On Feb. 1, 1700, Iberville was given orders to head back to Louisiana and to establish the first colony in the present
state of Louisiana. He selected a spot on the Mississippi River that seemed to remain high and dry. On Feb. 1, 1700, construction
began on the small fort with four cannons 18 leagues from the sea, near the present settlement of Phoenix, 30 miles below
When completed that same year, Iberville placed his young brother, Bienville (who founded New Orleans in 1718), in command
of what he named Fort de la Boulaye, or on some maps, Fort du Mississippi. Three hundred years ago this year, it became the
first permanent French settlement in the present state of Louisiana.
Garrett Morris, actor and comedian on Saturday Night Live, was born on this day in 1937 in New Orleans.
NIXON, James Oscar, journalist. Born, Fairton, N. J., 1822.
Removed to New Orleans ca. 1840. Married Martha Inskip. Children: two daughters and one son, J. Oscar, Jr. Entered
the clothing business with an uncle. Bought the New Orleans Crescent in 1854 and edited it. Allied with the Know-Nothing
party. Chairman of the New Orleans board of aldermen, 1860-1861, and again in 1865. Member of the Southern Yacht Club,
1859. Appointed lieutenant colonel, First Louisiana Cavalry Regiment, September 11, 1861; captured at Big Hill, Ky., July
31, 1863; released from prison, 1865. Edited the Crescent until it folded in 1869. A founder of the Pickwick Club. Removed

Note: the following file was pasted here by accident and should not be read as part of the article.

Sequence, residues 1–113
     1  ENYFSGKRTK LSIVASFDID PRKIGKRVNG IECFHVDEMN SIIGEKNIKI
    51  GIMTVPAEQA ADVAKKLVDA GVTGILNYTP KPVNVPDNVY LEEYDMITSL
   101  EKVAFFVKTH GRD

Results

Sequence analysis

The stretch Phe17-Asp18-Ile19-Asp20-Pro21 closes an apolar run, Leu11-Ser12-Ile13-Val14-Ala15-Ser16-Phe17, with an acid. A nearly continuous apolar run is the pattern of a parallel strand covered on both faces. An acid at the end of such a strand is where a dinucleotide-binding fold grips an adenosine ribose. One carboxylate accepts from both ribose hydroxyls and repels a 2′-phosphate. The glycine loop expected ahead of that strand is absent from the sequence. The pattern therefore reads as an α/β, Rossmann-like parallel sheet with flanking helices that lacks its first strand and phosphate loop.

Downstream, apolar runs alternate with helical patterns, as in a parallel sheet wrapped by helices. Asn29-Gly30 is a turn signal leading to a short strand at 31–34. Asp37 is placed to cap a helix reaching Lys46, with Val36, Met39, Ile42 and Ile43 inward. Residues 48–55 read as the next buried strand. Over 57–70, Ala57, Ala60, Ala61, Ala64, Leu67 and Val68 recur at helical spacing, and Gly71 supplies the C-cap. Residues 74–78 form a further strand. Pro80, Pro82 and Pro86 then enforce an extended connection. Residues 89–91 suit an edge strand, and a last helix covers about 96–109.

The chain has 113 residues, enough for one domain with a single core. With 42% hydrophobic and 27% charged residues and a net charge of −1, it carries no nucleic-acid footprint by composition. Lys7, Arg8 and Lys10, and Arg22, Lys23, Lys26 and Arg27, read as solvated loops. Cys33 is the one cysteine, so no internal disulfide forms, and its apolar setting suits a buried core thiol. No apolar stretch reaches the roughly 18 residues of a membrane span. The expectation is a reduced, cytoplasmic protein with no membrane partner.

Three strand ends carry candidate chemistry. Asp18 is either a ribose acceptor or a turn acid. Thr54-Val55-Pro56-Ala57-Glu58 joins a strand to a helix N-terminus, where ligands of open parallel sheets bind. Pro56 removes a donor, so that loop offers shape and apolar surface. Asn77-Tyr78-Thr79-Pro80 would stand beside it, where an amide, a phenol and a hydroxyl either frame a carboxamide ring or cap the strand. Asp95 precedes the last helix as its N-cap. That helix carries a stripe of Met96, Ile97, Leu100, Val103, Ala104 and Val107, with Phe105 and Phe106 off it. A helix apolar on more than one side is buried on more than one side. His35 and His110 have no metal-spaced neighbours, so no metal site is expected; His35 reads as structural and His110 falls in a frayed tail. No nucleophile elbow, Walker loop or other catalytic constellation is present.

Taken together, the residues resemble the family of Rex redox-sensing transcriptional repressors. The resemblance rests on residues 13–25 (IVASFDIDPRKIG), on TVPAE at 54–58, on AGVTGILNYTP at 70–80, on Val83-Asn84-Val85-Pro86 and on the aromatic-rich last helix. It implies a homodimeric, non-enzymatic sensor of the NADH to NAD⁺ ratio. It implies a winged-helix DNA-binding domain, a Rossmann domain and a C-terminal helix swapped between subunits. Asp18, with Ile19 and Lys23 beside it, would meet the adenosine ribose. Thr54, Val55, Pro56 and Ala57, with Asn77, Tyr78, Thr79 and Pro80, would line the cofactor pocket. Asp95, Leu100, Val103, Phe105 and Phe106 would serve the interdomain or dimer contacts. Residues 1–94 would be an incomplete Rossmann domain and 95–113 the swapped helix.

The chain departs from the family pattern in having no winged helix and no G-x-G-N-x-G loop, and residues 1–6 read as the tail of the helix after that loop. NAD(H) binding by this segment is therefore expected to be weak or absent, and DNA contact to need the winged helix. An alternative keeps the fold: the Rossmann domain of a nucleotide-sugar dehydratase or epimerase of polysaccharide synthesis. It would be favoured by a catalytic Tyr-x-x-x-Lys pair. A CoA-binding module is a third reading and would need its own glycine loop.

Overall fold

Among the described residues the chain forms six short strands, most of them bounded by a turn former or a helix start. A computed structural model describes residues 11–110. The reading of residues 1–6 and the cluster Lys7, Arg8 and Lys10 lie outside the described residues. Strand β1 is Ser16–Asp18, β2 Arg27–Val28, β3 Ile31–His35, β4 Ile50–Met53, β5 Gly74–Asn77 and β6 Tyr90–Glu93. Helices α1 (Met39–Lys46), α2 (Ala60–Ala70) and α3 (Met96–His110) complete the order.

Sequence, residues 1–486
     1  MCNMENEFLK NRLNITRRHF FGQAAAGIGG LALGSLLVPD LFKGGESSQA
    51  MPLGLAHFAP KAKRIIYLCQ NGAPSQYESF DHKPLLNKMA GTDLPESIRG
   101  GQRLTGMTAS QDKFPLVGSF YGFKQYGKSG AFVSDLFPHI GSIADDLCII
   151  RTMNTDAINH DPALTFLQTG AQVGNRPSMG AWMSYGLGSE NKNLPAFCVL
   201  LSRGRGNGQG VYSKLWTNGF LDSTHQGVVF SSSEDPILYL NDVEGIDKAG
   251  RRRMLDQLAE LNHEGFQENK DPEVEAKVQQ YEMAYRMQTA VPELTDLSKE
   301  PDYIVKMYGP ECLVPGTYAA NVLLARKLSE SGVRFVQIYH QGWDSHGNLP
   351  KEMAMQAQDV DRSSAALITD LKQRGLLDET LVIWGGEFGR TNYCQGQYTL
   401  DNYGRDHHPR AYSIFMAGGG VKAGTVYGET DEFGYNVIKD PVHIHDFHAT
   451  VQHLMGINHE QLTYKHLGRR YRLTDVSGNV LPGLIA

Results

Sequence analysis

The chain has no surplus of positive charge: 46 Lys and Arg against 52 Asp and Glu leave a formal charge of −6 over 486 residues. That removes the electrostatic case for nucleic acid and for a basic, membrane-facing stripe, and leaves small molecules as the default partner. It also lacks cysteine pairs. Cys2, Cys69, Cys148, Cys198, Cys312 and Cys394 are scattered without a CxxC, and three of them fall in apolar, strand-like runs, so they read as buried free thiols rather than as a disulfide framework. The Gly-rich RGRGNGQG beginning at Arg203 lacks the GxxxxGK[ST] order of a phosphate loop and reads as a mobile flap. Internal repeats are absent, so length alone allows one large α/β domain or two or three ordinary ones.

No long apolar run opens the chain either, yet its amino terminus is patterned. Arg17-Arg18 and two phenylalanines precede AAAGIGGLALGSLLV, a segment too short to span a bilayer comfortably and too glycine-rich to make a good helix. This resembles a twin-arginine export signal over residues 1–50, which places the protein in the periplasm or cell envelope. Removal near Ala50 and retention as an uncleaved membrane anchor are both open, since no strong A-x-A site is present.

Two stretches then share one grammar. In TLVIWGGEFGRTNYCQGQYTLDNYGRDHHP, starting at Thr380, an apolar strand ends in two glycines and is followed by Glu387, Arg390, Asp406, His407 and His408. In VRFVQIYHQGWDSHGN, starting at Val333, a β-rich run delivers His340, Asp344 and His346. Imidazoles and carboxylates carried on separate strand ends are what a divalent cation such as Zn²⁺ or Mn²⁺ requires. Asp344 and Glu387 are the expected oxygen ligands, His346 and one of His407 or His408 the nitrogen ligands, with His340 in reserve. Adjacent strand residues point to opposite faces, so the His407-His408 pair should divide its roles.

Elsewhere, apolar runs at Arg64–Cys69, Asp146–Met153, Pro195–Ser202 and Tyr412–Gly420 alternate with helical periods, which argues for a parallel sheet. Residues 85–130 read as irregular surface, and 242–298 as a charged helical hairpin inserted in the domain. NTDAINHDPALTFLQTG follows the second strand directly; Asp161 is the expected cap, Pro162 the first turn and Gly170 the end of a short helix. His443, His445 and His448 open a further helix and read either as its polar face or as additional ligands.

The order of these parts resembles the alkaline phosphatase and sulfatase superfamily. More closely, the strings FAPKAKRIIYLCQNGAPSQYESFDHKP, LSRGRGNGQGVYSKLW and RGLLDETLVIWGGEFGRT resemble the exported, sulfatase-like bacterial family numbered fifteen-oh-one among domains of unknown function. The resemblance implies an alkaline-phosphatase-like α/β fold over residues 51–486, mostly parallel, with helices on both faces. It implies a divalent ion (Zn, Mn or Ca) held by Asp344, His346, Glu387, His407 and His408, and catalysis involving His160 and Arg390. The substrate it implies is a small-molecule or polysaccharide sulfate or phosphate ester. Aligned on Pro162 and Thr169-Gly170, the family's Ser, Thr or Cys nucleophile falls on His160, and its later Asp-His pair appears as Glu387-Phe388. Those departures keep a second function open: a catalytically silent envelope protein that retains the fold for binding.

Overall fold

to Mississippi in 1870 but returned to Louisiana in 1880. Died, New Orleans, February 7, 1891. A.W.B. Sources: Fayette
Copeland, "The New Orleans Press and Reconstruction," Louisiana Historical Quarterly, XXX (1947); New Orleans
Times-Democrat, February 8, 1891; Howell Carter, A Cavalryman's Reminiscences (1900). Fromhttp://lahistory.org/site.php?pageID=31
BUY SUBURB LAND AT NEW ORLEANS - Christian Science Monitor - Feb 1, 1909 NEW ORLEANS--Two well-known real estate men here have just paid $175000
for a tract of land on Gentilly road, about four miles from the business section of the city, with the purpose of transforming
it into a fashionable residential quarter.
In 1909, development began in Gentilly Terrace, a neighborhood
of impressive homes on the lake side of Gentilly Boulevard bounded by St. Roch and Franklin Avenues. The homes were all the
more beautiful by being built up high upon the terraced lots. Edward Lafaye, Colonel R. E. Edgar De Montluzin and Michael
Baccich were instrumental in its development. De Montluzin also purchased the Michoud lands in 1923, and these 32,000 acres
were sold in 1959 to New Orleans East, Inc. Across Gentilly Boulevard to the south were the neighborhoods of Edgewood Park
(with streets named for flowers and trees) and Forest Park (with streets with Indian names).
Interest in developing the Gentilly area of New Orleans begins. Gentilly is on fairly high ground and has natural
drainage and ready access by way of the Pontchartrain Railroad. Gentilly Terrace is planned by the real state firm of M.A.
Baccich and R. E. E. de Montluzin so that homes are built on small hills and businesses are restricted to commercial blocks.
The area does not see substantial growth until 1935.